Country FilesWestCountry Profile 2014: GAMBIA

Wed,22Nov2017

Posted on Saturday, 08 February 2014 22:59

Country Profile 2014: GAMBIA

Retreating into isolation

While the continuing controversies stirred by President Yahya Jammeh have given fuel to Gambian opposition parties on the ground, and have sparked more vocal outrage from the media and citizens through social media, the opposition will no doubt still struggle to agree on a unified course of action in 2014. But it can at least claim to have gained some ground and the government appears to be feeling the heat, with reports that the authorities have stepped up their tactics of arrests and exiling political dissenters.

 

 

TABLE OF CONTENTS:

TOP GAMBIAN COMPANIES

TOP GAMBIAN BANKS

ar-infographie-gambia-2014Retreating into isolation

Opposition parties still struggle to agree on a unified course of action

The government hopes to launch Gambia as an offshore financial centre

While the continuing controversies stirred by President Yahya Jammeh have given fuel to Gambian opposition parties on the ground, and have sparked more vocal outrage from the media and citizens through social media, the opposition will no doubt still struggle to agree on a unified course of action in 2014. But it can at least claim to have gained some ground and the government appears to be feeling the heat, with reports that the authorities have stepped up their tactics of arrests and exiling political dissenters.

The parties have from time to time managed to coordinate their activities. In October Ousainou Darboe of the United Democratic Party, Hamat Bah of the National Reconciliation Party, Omar Jallow of the People’s Progressive Party and Daniel Mendy of the Gambia Moral Congress issued a joint statement regarding the president’s accusations that the United States and Britain have been spying and plotting a coup in Gambia. They called his words “ill-considered, uncalled for and worrisome”.

WESTERN RELATIONS SOUR

President Jammeh’s verbal attacks on the Western powers came shortly after his decision to pull the country out of the Commonwealth, of which Gambia had been a member for 48 years. The withdrawal was announced on state TV, giving no other reason than that the Common wealth is a“ neo-colonial institution”.

It is unlikely to be coincidence that the UK foreign office had singled Gambia out in a report on human rights abuses, sparked partly after the president ordered the brutal execution of all death row prisoners by firing squad the previous year. As a result, Gambia will no longer be participating in the 2014 Commonwealth Games. Human rights concerns have been further exacerbated by Jammeh’s fiery rhetoric concerning homosexuality. Addressing the UN General Assembly in September 2013, the president branded homosexuality as one of the three “biggest threats to human existence”. Homosexual Gambians continue to flee the country, often seeking refuge in neighbouring Senegal, where it is also illegal but attracts less official disapproval.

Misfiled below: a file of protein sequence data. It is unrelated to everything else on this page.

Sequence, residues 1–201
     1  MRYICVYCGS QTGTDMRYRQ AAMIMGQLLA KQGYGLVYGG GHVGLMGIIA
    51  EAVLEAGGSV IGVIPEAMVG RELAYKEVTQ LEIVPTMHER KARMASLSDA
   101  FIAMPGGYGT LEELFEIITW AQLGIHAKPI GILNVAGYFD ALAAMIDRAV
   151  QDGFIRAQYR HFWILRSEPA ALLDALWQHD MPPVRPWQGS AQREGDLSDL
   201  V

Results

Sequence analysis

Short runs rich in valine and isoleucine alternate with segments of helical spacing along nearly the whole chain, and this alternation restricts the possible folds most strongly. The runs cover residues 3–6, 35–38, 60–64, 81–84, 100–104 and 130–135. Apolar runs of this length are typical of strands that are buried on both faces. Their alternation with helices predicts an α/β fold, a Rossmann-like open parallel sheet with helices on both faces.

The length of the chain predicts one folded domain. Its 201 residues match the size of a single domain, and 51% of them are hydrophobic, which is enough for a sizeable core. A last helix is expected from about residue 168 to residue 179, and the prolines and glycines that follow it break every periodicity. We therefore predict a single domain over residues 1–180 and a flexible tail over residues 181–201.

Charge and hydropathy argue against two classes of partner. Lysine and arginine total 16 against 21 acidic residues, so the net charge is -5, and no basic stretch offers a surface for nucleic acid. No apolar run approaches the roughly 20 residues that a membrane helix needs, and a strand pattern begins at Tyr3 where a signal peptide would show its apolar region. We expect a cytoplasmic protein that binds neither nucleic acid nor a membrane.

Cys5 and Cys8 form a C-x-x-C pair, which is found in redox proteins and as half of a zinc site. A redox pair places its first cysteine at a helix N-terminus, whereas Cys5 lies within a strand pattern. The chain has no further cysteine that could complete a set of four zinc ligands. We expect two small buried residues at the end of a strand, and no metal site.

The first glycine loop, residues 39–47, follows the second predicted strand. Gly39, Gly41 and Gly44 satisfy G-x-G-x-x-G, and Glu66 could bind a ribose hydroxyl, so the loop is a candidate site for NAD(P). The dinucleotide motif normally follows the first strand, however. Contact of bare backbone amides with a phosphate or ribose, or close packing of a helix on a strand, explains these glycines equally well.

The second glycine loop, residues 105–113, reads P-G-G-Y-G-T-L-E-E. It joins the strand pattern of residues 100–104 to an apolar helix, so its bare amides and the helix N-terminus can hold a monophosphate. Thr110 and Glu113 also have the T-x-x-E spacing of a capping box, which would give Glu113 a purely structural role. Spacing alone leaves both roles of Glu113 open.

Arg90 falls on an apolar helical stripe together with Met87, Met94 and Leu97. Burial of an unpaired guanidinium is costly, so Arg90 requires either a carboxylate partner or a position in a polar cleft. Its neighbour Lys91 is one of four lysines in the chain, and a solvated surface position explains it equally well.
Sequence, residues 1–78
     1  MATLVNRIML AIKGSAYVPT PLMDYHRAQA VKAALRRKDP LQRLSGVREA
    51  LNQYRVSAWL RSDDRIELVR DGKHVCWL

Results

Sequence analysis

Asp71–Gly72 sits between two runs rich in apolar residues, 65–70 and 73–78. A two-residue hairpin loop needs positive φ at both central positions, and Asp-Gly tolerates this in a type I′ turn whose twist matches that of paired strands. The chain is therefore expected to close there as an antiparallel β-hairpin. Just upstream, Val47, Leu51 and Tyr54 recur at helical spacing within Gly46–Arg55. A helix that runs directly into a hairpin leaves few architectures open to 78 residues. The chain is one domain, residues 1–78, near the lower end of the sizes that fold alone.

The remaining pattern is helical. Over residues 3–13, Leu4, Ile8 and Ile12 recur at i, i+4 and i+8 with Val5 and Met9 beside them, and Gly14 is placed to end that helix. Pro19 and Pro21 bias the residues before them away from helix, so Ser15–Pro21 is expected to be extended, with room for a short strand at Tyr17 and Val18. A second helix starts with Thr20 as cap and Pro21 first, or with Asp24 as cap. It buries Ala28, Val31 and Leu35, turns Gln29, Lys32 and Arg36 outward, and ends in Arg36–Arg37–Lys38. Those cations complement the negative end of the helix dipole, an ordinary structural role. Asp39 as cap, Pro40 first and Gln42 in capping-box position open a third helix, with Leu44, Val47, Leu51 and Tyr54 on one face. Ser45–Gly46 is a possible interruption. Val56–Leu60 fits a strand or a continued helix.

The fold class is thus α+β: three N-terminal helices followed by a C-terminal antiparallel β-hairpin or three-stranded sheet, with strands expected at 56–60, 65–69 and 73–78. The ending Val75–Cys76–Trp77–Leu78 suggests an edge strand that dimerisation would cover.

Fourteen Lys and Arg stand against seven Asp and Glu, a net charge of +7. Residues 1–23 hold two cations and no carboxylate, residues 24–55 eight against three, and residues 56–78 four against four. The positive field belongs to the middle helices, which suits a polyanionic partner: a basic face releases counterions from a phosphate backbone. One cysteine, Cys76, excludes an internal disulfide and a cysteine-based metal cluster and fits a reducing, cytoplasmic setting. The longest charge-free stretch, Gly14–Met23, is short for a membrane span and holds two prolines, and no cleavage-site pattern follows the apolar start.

As Gambia’s relations with Western powers take a sharp sour turn, the government will welcome business interest from emerging countries such as Indonesia, whose ambassador recently made an approach to the Gambia Chamber of Commerce. There is also discussion about the risky move towards becoming an offshore financial centre. The country already has several hundred companies signed up, but will need to bolster its offering if it is to be taken seriously as a viable offshore option to the likes of British customers.

 

EXPORT RUNS DRY

Gambia is currently looking to diversify away from peanuts, which remain its number one export and provide a highly unreliable source of income. The country is still, two years on, reeling from the effects of the 2011 drought, which had a severe effect on crop output. At the same time, given the economy’s heavy reliance on tourism and remittance flows, the country will remain vulnerable to any renewed economic slowdown in the eurozone.

Inflation continues to rise, reaching a rate of 7% in the third quarter of the year, and this has in part been attributed to the central bank’s financing of fiscal debt. Many Gambians are currently struggling to meet high food prices. However the authorities are hoping to bring inflation down to 5% in 2014. In 2013 the dalasi depreciated when, in addition to the effects of the poor 2012 harvest, the government imposed a series of exchange rate directives that caused major disruptions to its foreign exchange market. This led to a wave of capital flight as well as a decrease in remittances. Incoherent macroeconomic policies are likely to have an adverse effect on the economy. In particular, IMF executive directors have called for more consistency in monetary policy and have recommended greater vigilance about non-performing loans.

Despite the inconsistencies and negative influences, the GDP growth prospects are surprisingly good, with the IMF projecting rates of 6.4% for 2013 and 8.5% for 2014. Such outcomes will mainly depend on the recovery of agricultural output.

 

TOP GAMBIAN COMPANIES

No companies from Gambia featured in The Africa's Report's Top 500 Companies in Africa 2013.

TOP GAMBIAN BANKS

No banks from Gambia featured in The Africa's Report's Top 200 Banks in Africa 2012.



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